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Yutaka Tsutano, Shakthi Bachala, Witawas Srisa-an, Gregg Rothermel, Jackson Dinh.  2017.  An Efficient, Robust, and Scalable Approach for Analyzing Interacting Android Apps. 39th International Conference on Software Engineering.

When multiple apps on an Android platform interact, faults and security vulnerabilities can occur. Software engineers need to be able to analyze interacting apps to detect such problems. Current approaches for performing such analyses, however, do not scale to the numbers of apps that may need to be considered, and thus, are impractical for application to realworld scenarios. In this paper, we introduce JITANA, a program analysis framework designed to analyze multiple Android apps simultaneously. By using a classloader-based approach instead of a compiler-based approach such as SOOT, JITANA is able to simultaneously analyze large numbers of interacting apps, perform on-demand analysis of large libraries, and effectively analyze dynamically generated code. Empirical studies of JITANA show that it is substantially more efficient than a state-of-theart approach, and that it can effectively and efficiently analyze complex apps including Facebook, Pokemon Go, and Pandora ´ that the state-of-the-art approach cannot handle.

Tingting Yu, Witawas Srisa-an, Gregg Rothermel.  2014.  SimRT: An Automated Framework to Support Regression Testing for Data Races. ICSE 2014 Proceedings of the 36th International Conference on Software Engineering.

Concurrent programs are prone to various classes of difficult-to-detect faults, of which data races are particularly prevalent. Prior work has attempted to increase the cost-effectiveness of approaches for testing for data races by employing race detection techniques, but to date, no work has considered cost-effective approaches for re-testing for races as programs evolve. In this paper we present SimRT, an automated regression testing framework for use in detecting races introduced by code modifications. SimRT employs a regression test selection technique, focused on sets of program elements related to race detection, to reduce the number of test cases that must be run on a changed program to detect races that occur due to code modifications, and it employs a test case prioritization technique to improve the rate at which such races are detected. Our empirical study of SimRT reveals that it is more efficient and effective for revealing races than other approaches, and that its constituent test selection and prioritization components each contribute to its performance.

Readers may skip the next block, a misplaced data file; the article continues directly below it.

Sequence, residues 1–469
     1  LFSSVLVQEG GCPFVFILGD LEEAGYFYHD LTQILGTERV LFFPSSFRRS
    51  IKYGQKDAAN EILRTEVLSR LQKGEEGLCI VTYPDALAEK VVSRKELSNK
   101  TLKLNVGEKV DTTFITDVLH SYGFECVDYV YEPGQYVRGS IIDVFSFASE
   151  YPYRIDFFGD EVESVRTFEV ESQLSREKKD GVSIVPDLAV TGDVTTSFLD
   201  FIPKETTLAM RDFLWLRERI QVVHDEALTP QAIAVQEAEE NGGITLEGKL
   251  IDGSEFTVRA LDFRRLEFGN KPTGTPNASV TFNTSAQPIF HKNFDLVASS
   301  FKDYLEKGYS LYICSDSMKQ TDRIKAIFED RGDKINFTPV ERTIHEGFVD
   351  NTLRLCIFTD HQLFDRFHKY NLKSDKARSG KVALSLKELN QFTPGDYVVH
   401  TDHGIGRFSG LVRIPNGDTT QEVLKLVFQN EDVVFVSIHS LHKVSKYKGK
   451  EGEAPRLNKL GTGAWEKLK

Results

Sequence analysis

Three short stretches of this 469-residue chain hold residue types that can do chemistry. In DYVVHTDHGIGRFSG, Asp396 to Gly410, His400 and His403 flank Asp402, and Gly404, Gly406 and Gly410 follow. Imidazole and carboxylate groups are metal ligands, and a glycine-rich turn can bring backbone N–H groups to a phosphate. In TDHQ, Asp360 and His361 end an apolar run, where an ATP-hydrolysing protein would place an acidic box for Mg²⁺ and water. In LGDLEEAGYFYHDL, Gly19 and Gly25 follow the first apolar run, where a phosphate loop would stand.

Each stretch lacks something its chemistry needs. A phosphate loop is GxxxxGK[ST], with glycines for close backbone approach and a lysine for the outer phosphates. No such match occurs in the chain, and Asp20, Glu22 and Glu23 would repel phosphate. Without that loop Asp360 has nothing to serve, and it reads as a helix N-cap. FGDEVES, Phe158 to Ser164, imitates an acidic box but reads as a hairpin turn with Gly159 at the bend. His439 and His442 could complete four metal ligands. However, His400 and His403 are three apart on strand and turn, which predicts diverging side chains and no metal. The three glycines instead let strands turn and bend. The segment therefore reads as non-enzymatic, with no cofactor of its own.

Tingting Yu, Witawas Srisa-an, Gregg Rothermel.  2017.  An automated framework to support testing for process-level race conditions. Software: Testing, Verification, and Reliability .

Race conditions are difficult to detect because they usually occur only under specific execution interleavings. Numerous program analysis and testing techniques have been proposed to detect race conditions between threads on single applications. However, most of these techniques neglect races that occur at the process level due to complex system event interactions. This article presents a framework, SIMEXPLORER, that allows engineers to effectively test for process-level race conditions. SIMEXPLORER first uses dynamic analysis techniques to observe system execution, identify program locations of interest, and report faults related to oracles. Next, it uses virtualization to achieve the fine-grained controllability needed to exercise event interleavings that are likely to expose races. We evaluated the effectiveness of SIMEXPLORER on 24 real-world applications containing both known and unknown process-level race conditions. Our results show that SIMEXPLORER is effective at detecting these race conditions, while incurring an overhead that is acceptable given its effectiveness improvements.

Supat Rattanasuksun, Tingting Yu, Witawas Srisa-an, Gregg Rothermel.  2016.  RRF: A Race Reproduction Framework for Use in Debugging Process-Level Races. 27th International Symposium on Software Reliability Engineering (ISSRE).

Process-level races are endemic in modern  systems. These races are difficult  to debug  because they are  sensitive to execution   events  such  as  interrupts and scheduling.  Unless  a process interleaving   that can result in the race can be found, it cannot be reproduced  and cannot be corrected. In practice, however,  the number of interleavings  that can occur among processes  in practice  is large,  and the patterns of interleavings can be complex. Thus, approaches for reproducing process-level races  to date are  often ineffective.  In  this paper, we present RRF, a race reproduction  framework that can help software engineers reproduce reported process-level races, enabling  them to potentially  debug these races. RRF performs a hybrid analysis by leveraging  existing  static program analysis tools, dynamic kernel event  reporting tools,  and yield points  to provide  the observability and controllability  needed to reproduce races. We conducted an empirical study to evaluate RRF; our results show that RRF can be effective for reproducing races.